Occupation of Carlos Island (31 January 1944)

The occupation of Carlos Island (31 January 1944) was part of the preliminary operations before the invasion of Kwajalein, and saw the Americans capture an island that they intended to use as a supply dump to support the artillery on nearby Carlson Island (Operation Flintlock).

Carlos Island (Ennylabegan) was the second island to the west of the main Kwajalein Island. It was to be occupied to help secure Cecil Pass, the best deep water route into the middle of the atoll, which ran between nearby Cecil and Carter Islands.

The invasion of Carlos and Carlson Islands were to be the second phase of operations on D-Day, following on from the invasions of Carter and Cecil Islands. Carlos was to be invaded by the 1st Battalion, 17th Infantry. Once it was secured, it would be used for supply dumps and repair stations for the artillery located on Carlson Island.

Carlos Island is about one mile long and 300 yards wide. The Americans expected to find fewer than 250 defenders on the island.

The plan was for the 1st Battalion, 17th Regimental Combat Team (Lt. Col Albert V Hartl) , to land at the north-western tip of the island. Two light tanks were to land with the fourth wave of troops.

The landings were delayed by an over-complex landing plan which saw the troops transfer from their transports into Higgins Boats, and then from the Higgins boats into LSTs, all in total darkness. This caused a 40 minute delay.

The landing itself called for six waves of craft. The first two waves contained troop carrying LVTs. The third and fourth consisted of LVT(As). The fifth was LCMs carrying tanks and self propelled howitzers. The sixth wave was made up of normal landing craft carrying the rest of the invasion force.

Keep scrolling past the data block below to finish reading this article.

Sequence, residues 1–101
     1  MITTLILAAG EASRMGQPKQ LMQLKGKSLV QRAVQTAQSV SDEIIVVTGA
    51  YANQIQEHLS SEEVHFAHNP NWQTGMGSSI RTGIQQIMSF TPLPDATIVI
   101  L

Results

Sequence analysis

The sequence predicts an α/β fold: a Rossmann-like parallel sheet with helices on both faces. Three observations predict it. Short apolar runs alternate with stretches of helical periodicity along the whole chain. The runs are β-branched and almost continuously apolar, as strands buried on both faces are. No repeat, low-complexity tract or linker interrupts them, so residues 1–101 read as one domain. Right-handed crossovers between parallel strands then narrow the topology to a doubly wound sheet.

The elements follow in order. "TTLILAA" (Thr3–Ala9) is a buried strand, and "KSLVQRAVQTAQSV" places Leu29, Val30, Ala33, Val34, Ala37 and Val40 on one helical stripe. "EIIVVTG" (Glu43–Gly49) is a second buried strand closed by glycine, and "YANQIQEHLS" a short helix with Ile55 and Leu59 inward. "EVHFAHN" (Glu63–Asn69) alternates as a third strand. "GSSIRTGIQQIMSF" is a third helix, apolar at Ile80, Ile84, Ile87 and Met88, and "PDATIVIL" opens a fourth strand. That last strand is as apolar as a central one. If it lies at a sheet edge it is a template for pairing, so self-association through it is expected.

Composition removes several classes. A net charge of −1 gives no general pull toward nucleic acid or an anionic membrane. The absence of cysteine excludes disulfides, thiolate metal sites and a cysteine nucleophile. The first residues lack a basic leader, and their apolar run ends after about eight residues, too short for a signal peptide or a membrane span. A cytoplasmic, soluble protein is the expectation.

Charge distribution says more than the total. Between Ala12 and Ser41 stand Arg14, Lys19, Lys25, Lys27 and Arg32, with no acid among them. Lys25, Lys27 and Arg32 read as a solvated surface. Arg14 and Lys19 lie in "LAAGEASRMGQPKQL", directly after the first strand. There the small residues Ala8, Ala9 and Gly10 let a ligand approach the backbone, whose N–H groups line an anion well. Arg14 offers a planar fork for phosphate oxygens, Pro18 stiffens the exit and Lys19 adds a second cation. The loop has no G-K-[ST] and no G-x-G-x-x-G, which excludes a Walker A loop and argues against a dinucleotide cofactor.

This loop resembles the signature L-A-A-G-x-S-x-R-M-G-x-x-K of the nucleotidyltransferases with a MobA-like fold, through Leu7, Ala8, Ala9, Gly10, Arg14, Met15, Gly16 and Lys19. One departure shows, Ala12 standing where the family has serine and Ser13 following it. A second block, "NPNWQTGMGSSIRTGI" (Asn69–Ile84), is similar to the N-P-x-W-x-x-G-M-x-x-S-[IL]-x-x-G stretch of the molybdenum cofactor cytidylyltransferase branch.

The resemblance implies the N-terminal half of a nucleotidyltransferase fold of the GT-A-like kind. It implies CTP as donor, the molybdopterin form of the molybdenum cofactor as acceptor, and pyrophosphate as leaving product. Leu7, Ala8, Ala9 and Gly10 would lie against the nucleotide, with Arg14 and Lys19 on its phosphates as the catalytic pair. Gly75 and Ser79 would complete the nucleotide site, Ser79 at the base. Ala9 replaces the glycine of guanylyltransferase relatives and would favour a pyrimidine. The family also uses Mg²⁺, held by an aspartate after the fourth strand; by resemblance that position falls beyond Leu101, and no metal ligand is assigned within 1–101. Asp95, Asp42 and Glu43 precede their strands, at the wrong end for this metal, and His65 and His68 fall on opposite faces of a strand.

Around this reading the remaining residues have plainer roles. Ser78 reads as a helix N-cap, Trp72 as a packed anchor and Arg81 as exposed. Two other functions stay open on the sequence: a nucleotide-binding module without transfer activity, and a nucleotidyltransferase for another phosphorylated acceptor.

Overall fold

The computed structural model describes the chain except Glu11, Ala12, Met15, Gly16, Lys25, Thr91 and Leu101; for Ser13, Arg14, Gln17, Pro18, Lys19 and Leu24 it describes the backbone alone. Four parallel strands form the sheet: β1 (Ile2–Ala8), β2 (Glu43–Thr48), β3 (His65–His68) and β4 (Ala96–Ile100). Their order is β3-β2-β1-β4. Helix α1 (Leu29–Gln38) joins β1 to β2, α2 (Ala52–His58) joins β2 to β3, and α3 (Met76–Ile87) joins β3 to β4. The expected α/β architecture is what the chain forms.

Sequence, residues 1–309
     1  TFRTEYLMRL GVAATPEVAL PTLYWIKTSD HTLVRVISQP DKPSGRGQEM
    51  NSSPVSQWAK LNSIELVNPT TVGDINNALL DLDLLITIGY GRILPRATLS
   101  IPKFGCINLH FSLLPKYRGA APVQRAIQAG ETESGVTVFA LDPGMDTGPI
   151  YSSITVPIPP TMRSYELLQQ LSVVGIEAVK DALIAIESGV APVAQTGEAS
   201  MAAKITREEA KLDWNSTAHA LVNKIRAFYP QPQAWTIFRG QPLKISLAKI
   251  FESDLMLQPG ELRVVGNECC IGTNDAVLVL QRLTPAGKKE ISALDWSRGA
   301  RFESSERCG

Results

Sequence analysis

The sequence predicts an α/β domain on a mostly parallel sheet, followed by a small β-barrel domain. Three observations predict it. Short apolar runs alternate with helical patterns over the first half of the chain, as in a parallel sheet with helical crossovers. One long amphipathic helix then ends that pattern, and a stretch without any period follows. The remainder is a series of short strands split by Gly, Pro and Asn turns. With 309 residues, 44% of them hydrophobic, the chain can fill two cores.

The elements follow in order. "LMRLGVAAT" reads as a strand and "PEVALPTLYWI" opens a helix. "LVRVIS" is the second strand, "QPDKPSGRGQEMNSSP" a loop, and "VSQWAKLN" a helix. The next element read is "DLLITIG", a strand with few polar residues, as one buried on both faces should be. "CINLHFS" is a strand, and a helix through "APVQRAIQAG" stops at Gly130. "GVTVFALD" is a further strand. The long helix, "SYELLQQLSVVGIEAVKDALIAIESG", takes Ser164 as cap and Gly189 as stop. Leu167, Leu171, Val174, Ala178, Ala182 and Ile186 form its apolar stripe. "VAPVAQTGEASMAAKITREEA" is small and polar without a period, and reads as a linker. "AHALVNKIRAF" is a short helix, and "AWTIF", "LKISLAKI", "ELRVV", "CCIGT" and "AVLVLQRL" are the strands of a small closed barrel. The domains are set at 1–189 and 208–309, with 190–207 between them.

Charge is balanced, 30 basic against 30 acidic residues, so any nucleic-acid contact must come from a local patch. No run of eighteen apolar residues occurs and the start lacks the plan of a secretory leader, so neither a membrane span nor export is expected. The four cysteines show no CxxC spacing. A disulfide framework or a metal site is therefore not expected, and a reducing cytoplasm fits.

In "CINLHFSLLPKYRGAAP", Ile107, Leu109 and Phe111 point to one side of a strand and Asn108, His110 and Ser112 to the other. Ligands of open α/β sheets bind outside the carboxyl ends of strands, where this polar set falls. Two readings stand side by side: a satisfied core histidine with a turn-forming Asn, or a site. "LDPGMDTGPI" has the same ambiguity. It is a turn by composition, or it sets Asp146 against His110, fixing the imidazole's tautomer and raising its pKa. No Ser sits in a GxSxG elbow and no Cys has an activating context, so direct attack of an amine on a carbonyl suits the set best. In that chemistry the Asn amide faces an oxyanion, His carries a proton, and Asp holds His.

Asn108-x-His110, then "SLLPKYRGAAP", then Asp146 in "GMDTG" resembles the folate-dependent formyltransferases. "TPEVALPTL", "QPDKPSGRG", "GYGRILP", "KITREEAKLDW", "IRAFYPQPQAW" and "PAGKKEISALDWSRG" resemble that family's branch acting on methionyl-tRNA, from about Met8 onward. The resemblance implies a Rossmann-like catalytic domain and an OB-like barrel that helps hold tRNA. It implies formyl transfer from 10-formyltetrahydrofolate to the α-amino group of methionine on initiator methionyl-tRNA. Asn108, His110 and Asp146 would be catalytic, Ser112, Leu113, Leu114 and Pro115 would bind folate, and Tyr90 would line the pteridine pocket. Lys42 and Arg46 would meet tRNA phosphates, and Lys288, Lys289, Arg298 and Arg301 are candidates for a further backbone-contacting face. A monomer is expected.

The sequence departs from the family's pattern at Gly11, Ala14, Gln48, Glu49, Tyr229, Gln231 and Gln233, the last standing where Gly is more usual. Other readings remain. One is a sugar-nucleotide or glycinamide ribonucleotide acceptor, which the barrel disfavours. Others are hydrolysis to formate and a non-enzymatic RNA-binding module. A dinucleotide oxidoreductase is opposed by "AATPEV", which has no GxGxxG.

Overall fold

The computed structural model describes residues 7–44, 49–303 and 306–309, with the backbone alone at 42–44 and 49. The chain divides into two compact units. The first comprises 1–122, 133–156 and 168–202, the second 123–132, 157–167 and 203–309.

The landing began at around 0910 and the beachhead was established without running into any resistance. The first five waves were all ashore by 1040 and the advance across the island began. At first Company C advanced on the left, along the lagoon side of the island, while Company A advanced on the right, on the ocean front. Company C ran into three unarmed Japanese who were killed, and found five more who had committed suicide. After advancing about two thirds of the way down the island Company C halted. Company A captured seven or eight prisoners during the first part of the advance. After taking over the entire line they were attacked by nine Japanese troops, who were cut down before they could get close. American troops reached the far tip of the island at 1400, and Carlos was considered to have been secured. The Americans suffered no casualties during the occupation. Carlos was soon in use as a supply dump and also hosted the 31st Field Hospital.

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How to cite this article: Rickard, J (14 November 2017), Occupation of Carlos Island (31 January 1944) , http://www.historyofwar.org/articles/occupation_carlos.html

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